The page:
A carving knife is a thing of beauty, even if it’s used only a couple times a year. When you need a long, thin, and most important of all, sharp blade to do your slicing, nothing else will do. (Above: Wusthof Classic 2-Piece Hollow-Ground Carving Set.)
If you’re in the market for a carving knife (or your old one isn’t quite up to snuff) and you’re concerned about quality, don’t let the sea of choices drown you. As long as you go with a name brand (see Best Chef Knives. . .), you’ll get similar performance and longevity. But please be aware that some major brands have quite a range of product lines (sort of like cars). And if you value finish and feel, you should stick with their higher-end lines.
In general, I recommend spending at least $80. No doubt you can find a carving knife out there for less, but, odds are, it won’t feel as solid in your hand, won’t be as nicely finished, and—most important of all—won’t retain a sharp cutting edge for years to come.
Here are a few quality suggestions—which means, with proper care (see Top Ten Tips), any one of these could last 30 years or more . . .
• • •
Recommended Carving Knives
Henckels Pro S Carving Knife, 8-Inch
The Pro S series is a top-tier line produced by one of Germany’s oldest and finest manufacturers. Or, from Wusthof, the other major German knife maker, a similar version: Wustohof Classic Carving Knife, 8-Inch. @ Amazon: $110
Wusthof Classic Ikon Carving Knife, 9-Inch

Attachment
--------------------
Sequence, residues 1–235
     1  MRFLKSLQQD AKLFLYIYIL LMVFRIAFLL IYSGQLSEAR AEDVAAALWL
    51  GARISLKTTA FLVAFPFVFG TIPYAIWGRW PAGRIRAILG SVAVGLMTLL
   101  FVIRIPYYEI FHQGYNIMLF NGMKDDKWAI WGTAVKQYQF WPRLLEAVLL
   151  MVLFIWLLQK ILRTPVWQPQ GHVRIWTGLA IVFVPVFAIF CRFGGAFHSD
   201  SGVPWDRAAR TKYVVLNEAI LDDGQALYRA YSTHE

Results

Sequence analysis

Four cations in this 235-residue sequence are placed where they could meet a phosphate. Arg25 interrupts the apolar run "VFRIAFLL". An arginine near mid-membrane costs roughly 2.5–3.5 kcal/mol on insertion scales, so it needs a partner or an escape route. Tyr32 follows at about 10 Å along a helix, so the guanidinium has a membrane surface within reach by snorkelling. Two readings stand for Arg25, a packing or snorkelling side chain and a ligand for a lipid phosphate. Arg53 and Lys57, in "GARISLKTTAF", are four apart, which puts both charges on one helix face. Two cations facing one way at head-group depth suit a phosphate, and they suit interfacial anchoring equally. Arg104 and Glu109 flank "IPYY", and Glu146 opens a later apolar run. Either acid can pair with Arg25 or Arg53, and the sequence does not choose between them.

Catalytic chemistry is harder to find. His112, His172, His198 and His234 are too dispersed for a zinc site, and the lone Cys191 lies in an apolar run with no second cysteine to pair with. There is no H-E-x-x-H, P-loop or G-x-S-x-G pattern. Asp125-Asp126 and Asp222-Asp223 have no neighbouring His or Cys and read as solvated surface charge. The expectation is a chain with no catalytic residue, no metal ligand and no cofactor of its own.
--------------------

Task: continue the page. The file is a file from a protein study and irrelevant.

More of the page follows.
My very favorite Wusthof line—Classic Ikon. What a beautiful (and I might add, extremely comfortable) handle, no? Like most of the German knives on this page, it looks and feels like wood, but is actually synthetic.
Henckels Pro 2-Piece Carving Set
If you need a carving fork as well, here’s a set from Henckels. I love the modern styling, but you pay a bit more for it. The knife lacks a bolster which actually is a plus—it makes sharpening easier. (8-inch knife, 7-inch fork)
Wusthof Classic 2-Piece Hollow-Ground Carving Set
This carving knife set is currently a steal. It’s the same blade as the plain Wusthof Classic above, but with a hollowed-out edge that can help prevent whatever you’re cutting from sticking to the blade. (8-inch knife, 6-inch fork)
Messermeister Carving Knife, 10-Inch (7-Inch Fork)
Messermeister makes a carving set with a knife that’s 2 inches longer for only $20 more. Messermeister is a top-tier German knifemaker—not as well-known as Wusthof, but comparable quality. If you feel the extra length could come in handy, you’re getting premium quality at a great price.
Henckels Four Star Hollow-Edge Ham Slicer, 10-Inch
If you know you’re going to be doing some serious slicing (if you’re serving something like a ham or roast), this Henckels Four Star slicer can’t be beat (with a 10-inch blade like the Messermeister). It’s designed to cut across a large expanse of meat, yet keep the thickness of each slice consistently thin. Wusthof carries a similar version in their Classic line, but with a much narrower blade: Wusthof Classic Hollow-Edge Carving Knife, 10-Inch. @ Amazon: $137
• • •
Japanese Carving Knives
If you don’t mind paying a bit more, you might want to go Japanese. You’ll get a lighter knife with a thinner blade, ground to a sharper angle that will slice meat like butter. But please be aware that Japanese knives are made of a harder, brittler, steel than German, and cannot take as much abuse. If you try hacking at bones, you will risk chipping the blade. Seriously.
Shun DM0720 Classic Hollow-Ground Slicing Knife, 9-Inch
Miyabi Kaizen Slicer, 9 1/2-Inch
And finally, to top things off, let me recommend two knives you can break your piggie bank for—both manufactured in Japan, both with a unique styling and attention to detail you would expect from a custom knifemaker. (Please note the Bob Kramer is made of carbon steel that can stay super-sharp, but is susceptible to rust. Over time though, it will develop a protective patina.)